The programme provides a strong grounding in scientific writing and communication, statistical analysis, and experimental design. It is designed for flexibility, to enable you to customise a portfolio of courses suited to your particular interests.
You can choose from a range of specialised options that encompass key skills in
A total of 180 credits are required, with 50 flexible credits in the second term. See the accompanying detailed course descriptions found in the IBAHCM Masters Programme Overview. When selecting options, please email the relevant course coordinator as well as registering using MyCampus.
You will gain core skills and knowledge across a wide range of subjects that will enhance your selection chances for competitive PhD programmes. In addition to academic options, career opportunities include roles in zoos, environmental consultancies, government agencies, ecotourism and conservation biology, and veterinary or public health epidemiology.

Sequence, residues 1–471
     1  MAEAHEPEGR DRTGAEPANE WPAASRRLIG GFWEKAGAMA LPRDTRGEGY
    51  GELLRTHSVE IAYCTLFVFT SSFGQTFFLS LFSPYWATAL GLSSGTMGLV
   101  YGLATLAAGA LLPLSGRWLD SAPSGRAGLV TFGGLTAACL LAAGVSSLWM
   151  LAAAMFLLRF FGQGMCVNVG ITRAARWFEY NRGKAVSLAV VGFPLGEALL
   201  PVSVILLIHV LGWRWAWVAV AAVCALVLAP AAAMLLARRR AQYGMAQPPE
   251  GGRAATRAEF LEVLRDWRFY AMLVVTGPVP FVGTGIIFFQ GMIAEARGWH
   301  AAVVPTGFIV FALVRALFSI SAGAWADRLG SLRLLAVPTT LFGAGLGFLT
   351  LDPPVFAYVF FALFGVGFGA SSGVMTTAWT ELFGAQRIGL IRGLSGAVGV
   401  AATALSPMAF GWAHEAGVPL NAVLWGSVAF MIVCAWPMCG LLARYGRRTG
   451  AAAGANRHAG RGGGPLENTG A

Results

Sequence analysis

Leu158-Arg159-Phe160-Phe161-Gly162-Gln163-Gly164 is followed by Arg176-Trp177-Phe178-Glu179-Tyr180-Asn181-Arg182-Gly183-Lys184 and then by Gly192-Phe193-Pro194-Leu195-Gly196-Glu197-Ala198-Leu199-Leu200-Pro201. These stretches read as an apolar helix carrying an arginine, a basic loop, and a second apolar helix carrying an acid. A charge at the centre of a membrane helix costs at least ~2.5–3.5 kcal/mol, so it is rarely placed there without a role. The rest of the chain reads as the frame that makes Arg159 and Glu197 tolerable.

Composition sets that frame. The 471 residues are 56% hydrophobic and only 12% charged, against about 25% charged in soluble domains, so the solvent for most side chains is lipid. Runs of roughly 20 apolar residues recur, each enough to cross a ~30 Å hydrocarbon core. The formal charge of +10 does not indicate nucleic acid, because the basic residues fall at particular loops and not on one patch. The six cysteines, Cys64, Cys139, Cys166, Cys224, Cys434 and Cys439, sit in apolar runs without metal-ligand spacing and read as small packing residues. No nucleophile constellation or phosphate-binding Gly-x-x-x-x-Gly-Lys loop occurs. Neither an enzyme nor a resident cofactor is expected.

This programme brings together social analysis, design, activism, and inventive research methods in a critical engagement with various dimensions of urban work – from planning, policy making, research, cultural intervention, to the management of social programmes and institutions.
Increasingly, no matter how we live, we know this 'world' primarily through the experience of living within and between cities. These cities continuously produce new challenges for their inhabitants and administrators. In doing so, they also produce opportunities for understanding the constraints and potentials of both human and non-human life.
The MA Cities and Society is a research and training programme designed to support strategic interventions in urban governance, design, institution-building and change, as well as social-spatial development. Distinguished by it's theoretical rigour, integrity and amenability to experimental empirical research, the programme focuses particularly on: